Beijing has condemned Turkey over its claim that a celebrated musician from China’s Turkic Muslim Uighur ethnic group has died in custody.
Foreign ministry spokeswoman Hua Chunying said a brief video clip of Abdurehim Heyit issued by state media proved he was alive and in good health and showed Turkey’s statement was an “absurd lie”.
“The Turkish side has made a very bad mistake which is quite irresponsible. We express firm opposition to this,” Ms Hua told reporters at a daily briefing. China has filed a formal complaint and called on Turkey to reveal the source of its information, she said.
Heyit had reportedly been sentenced to eight years over one of his songs. Ms Hua said he had been taken into custody for endangering national security and his case was under investigation.
The row over Turkey’s criticism contrasts with the close economic relationship between the two countries. Turkey depends on Chinese financing for major infrastructure projects, while China sees Turkey as an important link in its gargantuan Belt and Road project to expand its economic reach abroad.
Turkey’s claim of Heyit’s death came in a foreign ministry statement on Saturday calling China’s treatment of Uighurs “a great cause of shame for humanity” – a rare show of public criticism by a majority Muslim nation.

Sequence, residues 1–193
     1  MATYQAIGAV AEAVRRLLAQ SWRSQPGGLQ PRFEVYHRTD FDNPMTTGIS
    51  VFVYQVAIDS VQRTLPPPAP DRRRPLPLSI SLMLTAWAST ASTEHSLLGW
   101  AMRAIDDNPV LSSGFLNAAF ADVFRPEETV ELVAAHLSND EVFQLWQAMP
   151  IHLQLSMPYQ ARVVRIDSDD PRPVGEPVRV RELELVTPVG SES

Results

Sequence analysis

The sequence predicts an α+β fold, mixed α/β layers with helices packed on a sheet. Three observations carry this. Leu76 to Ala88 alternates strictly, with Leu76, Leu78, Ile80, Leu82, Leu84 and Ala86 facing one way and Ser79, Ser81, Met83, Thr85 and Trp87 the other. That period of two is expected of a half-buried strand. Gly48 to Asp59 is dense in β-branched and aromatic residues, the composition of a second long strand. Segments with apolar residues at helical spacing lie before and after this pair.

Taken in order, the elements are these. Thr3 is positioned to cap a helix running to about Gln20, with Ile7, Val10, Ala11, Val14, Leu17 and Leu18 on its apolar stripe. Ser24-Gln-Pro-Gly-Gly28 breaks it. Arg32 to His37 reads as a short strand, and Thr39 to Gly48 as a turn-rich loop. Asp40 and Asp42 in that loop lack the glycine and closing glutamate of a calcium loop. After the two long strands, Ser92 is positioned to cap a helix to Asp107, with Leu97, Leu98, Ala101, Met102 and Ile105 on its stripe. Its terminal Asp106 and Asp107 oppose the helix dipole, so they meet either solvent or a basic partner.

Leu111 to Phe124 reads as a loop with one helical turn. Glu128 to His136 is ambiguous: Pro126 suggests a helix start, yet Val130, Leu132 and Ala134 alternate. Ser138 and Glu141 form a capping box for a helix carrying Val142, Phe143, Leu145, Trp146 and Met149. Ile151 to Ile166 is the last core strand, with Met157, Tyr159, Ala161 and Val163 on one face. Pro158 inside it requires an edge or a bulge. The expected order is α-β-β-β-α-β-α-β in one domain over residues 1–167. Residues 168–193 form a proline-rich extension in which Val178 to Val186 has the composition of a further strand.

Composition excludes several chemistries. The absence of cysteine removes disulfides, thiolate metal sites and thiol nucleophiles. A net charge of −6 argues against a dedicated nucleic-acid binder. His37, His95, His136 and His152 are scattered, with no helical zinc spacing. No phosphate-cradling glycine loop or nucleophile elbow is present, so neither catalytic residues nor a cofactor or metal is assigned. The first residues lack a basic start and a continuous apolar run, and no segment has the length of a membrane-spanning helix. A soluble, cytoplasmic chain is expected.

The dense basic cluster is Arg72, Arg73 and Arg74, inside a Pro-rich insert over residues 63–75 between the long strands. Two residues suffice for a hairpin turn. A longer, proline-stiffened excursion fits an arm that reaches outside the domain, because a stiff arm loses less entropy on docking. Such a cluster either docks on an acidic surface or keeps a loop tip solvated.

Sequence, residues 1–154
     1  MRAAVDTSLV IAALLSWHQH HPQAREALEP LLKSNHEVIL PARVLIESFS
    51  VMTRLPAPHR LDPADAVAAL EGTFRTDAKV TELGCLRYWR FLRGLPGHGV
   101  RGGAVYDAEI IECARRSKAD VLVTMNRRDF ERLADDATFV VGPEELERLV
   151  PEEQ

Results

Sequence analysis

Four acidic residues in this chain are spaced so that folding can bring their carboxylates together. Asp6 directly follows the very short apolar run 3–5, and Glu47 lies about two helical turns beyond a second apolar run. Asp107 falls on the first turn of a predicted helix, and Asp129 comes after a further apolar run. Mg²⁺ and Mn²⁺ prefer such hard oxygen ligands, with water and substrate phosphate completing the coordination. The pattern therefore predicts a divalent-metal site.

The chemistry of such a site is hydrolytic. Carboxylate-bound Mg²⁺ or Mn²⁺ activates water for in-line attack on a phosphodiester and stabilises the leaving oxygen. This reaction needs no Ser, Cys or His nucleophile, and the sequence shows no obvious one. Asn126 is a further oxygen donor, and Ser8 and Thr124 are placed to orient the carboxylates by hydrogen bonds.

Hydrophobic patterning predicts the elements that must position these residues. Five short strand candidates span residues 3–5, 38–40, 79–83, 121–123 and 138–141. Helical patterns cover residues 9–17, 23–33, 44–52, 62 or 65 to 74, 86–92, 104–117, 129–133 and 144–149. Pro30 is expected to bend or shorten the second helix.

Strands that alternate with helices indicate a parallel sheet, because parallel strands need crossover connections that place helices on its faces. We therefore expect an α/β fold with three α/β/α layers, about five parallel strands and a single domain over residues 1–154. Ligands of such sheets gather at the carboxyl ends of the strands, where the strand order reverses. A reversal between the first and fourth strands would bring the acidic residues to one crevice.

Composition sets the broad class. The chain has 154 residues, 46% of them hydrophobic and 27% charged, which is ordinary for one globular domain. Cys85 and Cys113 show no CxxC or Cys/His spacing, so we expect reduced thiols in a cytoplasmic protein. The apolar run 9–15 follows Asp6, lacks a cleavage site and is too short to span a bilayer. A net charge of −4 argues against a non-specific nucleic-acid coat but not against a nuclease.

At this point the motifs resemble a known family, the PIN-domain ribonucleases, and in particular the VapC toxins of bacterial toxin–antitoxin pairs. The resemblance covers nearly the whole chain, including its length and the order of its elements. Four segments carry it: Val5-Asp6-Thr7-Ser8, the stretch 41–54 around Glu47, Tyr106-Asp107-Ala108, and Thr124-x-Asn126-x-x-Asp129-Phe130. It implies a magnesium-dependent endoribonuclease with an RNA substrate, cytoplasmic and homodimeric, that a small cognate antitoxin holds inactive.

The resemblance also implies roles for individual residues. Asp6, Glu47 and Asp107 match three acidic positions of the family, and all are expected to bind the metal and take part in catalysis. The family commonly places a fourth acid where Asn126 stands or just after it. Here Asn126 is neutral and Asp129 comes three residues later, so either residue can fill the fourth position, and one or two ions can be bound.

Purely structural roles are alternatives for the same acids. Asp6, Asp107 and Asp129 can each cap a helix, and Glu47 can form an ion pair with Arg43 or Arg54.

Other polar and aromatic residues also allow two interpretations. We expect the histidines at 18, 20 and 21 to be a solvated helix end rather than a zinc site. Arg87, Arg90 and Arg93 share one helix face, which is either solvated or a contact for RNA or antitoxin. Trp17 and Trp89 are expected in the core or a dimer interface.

China has interned an estimated 1 million Uighurs and other Muslim minorities in re-education camps, where they are forced to renounce Islam and swear fealty to ruling Communist Party leader Xi Jinping.
Turkish foreign ministry spokesman Hami Aksoy said it was “no longer a secret” that China has arbitrarily detained more than a million Uighurs in “concentration camps”. He said the Turkic Muslim population faced pressure and “systematic assimilation” in western China.
In the video released by state media outlet China Radio International, Heyit said he was being investigated for criminal activity, but was in good health and had “never been abused”.
At the start of the video, Heyit states his name and gives the date as February 10, 2019. The authenticity of the video could not be verified and it was not clear where and by whom it had been filmed.
However, Ms Hua said that after checking with the “relevant department in Xinjiang”, the ministry had confirmed the video’s legitimacy.
Chinese state media have a long history of broadcasting confessions by both Chinese and foreign citizens who afterwards say they were compelled to participate against their will and forced to read a script.
Although Turkey’s criticism appeared without warning, Chinese diplomats responded with alacrity. The Chinese Embassy in Turkey swiftly issued a lengthy defense of Chinese policies, calling Mr Aksoy’s comments “completely unacceptable” and accusing Turkey of “maintaining double standards on the question of fighting terrorism”.
Amid the clampdown, multitudes of Uighurs have fled, many traveling to Turkey, where the language and culture are similar to those in Xinjiang.